“Open access (OA) literature is digital, online, free of charge, and free of most copyright and licensing restrictions.”— Peter Suber, Open Access
While Open Access itself is rather easy to understand, there are a few related terms worth knowing:
Green OA is when some form of an article originally published in a closed journal is then later deposited in an open access repository, for instance when CCA faculty deposit research in the Faculty Research collection in VAULT.
Gold OA is when an article is published in a journal that is itself open.
A paywall is any barrier to reading a publication online. When you click a link to the New York Times and are prompted to purchase a subscription, that is a paywall just as many academic journals have paywalls.
Luckily, the CCA Libraries purchase subscriptions to sets of academic journals, which you can find in our list of databases. While you can use these journals for free, the libraries pay to maintain access to them. People outside the college cannot use them (that's why you must sign in when using the databases from off campus).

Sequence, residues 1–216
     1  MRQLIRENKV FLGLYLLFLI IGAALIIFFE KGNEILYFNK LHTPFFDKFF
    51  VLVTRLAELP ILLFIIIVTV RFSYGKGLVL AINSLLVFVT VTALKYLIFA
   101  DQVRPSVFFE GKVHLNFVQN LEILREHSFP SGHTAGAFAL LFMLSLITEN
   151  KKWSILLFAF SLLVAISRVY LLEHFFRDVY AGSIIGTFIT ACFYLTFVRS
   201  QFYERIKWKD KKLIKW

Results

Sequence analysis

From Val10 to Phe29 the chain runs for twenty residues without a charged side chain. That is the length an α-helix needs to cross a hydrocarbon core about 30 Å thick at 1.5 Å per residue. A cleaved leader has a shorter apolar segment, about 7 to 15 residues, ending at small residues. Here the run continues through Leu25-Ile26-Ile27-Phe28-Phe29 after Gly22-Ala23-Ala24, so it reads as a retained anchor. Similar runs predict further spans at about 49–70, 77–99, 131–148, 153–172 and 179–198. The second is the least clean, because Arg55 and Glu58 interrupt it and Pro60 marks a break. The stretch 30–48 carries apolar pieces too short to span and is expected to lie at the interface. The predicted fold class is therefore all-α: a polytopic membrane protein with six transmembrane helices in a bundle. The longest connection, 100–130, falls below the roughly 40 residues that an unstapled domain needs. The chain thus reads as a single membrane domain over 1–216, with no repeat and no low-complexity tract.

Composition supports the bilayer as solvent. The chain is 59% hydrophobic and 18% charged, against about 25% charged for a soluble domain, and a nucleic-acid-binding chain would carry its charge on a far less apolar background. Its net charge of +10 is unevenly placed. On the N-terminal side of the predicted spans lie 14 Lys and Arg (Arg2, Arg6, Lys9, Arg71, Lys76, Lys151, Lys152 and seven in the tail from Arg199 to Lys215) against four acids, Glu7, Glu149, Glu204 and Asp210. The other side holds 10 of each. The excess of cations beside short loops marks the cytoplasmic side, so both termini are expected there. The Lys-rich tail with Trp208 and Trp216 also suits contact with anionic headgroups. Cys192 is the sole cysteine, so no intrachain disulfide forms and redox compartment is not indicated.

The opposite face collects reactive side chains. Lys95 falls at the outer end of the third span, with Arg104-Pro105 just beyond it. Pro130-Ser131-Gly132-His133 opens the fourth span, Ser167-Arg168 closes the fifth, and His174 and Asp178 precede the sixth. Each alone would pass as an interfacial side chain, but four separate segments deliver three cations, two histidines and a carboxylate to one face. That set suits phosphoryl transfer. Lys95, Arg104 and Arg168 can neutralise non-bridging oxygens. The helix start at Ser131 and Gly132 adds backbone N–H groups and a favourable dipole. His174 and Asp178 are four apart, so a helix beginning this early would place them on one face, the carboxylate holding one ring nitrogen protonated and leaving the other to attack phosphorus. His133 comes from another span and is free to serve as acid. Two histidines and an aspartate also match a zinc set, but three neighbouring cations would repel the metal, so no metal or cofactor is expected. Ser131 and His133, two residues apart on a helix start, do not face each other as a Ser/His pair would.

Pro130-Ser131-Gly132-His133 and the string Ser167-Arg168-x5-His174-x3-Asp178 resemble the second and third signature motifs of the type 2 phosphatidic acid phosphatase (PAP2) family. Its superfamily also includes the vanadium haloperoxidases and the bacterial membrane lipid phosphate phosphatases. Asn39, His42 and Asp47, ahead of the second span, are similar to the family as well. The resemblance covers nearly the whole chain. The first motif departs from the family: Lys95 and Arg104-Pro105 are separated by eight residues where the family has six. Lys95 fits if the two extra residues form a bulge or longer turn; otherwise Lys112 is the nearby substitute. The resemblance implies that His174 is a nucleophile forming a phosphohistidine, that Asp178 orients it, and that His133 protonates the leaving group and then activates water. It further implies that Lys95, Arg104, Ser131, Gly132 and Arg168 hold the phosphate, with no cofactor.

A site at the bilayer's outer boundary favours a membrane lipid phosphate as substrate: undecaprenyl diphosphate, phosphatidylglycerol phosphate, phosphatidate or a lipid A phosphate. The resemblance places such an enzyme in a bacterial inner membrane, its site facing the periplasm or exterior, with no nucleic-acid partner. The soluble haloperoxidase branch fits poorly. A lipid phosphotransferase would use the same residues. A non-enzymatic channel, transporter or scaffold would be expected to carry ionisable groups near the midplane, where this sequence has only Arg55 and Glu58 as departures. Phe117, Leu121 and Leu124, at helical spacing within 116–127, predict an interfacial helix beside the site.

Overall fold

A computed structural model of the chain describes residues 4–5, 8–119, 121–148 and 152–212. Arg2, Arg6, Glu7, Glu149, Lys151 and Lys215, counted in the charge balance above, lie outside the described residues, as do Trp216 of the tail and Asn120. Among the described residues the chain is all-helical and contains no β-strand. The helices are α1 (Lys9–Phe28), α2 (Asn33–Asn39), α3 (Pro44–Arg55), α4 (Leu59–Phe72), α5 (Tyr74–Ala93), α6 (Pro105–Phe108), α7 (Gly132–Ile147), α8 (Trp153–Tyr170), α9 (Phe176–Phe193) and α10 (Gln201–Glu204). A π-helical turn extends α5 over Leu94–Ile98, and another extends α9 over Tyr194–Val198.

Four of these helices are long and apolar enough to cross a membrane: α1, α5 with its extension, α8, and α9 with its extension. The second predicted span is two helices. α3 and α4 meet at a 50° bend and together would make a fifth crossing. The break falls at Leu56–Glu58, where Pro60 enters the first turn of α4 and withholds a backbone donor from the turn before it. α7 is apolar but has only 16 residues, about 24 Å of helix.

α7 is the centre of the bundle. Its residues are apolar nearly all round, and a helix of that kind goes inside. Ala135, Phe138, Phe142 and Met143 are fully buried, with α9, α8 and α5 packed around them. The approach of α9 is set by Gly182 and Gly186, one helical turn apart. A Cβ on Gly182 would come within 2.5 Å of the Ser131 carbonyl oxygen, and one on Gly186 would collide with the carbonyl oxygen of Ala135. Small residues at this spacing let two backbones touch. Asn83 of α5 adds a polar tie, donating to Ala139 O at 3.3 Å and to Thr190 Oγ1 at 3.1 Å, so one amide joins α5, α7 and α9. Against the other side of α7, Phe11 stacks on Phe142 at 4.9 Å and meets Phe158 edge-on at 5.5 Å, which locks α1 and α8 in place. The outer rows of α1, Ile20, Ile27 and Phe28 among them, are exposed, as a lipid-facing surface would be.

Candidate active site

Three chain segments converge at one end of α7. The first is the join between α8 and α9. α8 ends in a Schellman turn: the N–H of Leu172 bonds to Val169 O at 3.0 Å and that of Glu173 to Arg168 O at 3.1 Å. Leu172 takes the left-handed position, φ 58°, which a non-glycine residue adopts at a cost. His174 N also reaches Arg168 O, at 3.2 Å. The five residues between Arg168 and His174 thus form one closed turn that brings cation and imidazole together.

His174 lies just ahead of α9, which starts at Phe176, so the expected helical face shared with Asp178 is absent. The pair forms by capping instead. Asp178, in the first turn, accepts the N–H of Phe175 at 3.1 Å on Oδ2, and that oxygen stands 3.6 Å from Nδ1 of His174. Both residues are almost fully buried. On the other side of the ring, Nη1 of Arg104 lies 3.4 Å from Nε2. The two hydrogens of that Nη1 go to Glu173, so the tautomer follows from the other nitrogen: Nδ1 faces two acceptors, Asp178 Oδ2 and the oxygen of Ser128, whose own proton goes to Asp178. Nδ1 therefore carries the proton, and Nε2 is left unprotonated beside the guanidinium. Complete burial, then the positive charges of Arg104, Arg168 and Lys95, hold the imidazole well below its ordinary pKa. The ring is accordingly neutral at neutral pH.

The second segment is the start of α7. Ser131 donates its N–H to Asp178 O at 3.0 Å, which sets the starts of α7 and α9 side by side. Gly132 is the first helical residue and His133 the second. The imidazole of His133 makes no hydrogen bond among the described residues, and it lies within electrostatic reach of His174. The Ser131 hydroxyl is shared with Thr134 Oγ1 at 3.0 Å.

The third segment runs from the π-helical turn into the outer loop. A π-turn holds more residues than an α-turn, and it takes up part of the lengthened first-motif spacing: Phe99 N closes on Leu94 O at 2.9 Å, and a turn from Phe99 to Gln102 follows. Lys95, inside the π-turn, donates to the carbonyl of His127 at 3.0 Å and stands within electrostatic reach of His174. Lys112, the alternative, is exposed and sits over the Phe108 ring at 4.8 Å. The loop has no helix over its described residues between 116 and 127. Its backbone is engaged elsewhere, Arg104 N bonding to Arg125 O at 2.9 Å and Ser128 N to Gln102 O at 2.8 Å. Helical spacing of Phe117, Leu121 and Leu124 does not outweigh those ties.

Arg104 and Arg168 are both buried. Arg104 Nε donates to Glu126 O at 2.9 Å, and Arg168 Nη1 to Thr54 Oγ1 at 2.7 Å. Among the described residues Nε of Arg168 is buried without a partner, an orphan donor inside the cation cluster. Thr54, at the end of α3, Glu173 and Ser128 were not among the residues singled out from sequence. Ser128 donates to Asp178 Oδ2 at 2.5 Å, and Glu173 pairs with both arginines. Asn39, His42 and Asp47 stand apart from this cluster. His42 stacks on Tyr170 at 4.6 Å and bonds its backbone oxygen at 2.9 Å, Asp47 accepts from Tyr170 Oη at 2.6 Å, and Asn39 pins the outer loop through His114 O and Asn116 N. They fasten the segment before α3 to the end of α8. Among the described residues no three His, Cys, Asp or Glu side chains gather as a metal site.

Many studies have shown that open access publications receive more citations than closed access ones. Making your research OA will increase not only the audience that can read it but also the academics who can build upon it and thereby increase your own profile.
Journal articles stuck behind paywalled links feel like an anachronism in the Internet age. If you want to email or tweet an article link to a colleague, it's much easier to do so when the work is accessible at a public URL. The fact that researchers have resorted to begging for articles via Twitter hashtags shows how important being able to share openly is.
This is the big one: scholarly publishing as we know it is not sustainable. Libraries, include CCA's, spend increasingly large proportions of their budgets subscribing to paywalled journals. The price of journal subscriptions far outpaces inflation, and certainly the ability of libraries to pay. If Harvard cannot afford the scholarly journals they need, CCA is in an even worse position. Open Access is one of the few avenues out of this predicament: by making publications free and easy to access, pressure is lifted from library budgets since we can rely upon open access resources.
Example from the University of Pittsburgh: the darker blue line, far above inflation (black line), is journal subscriptions.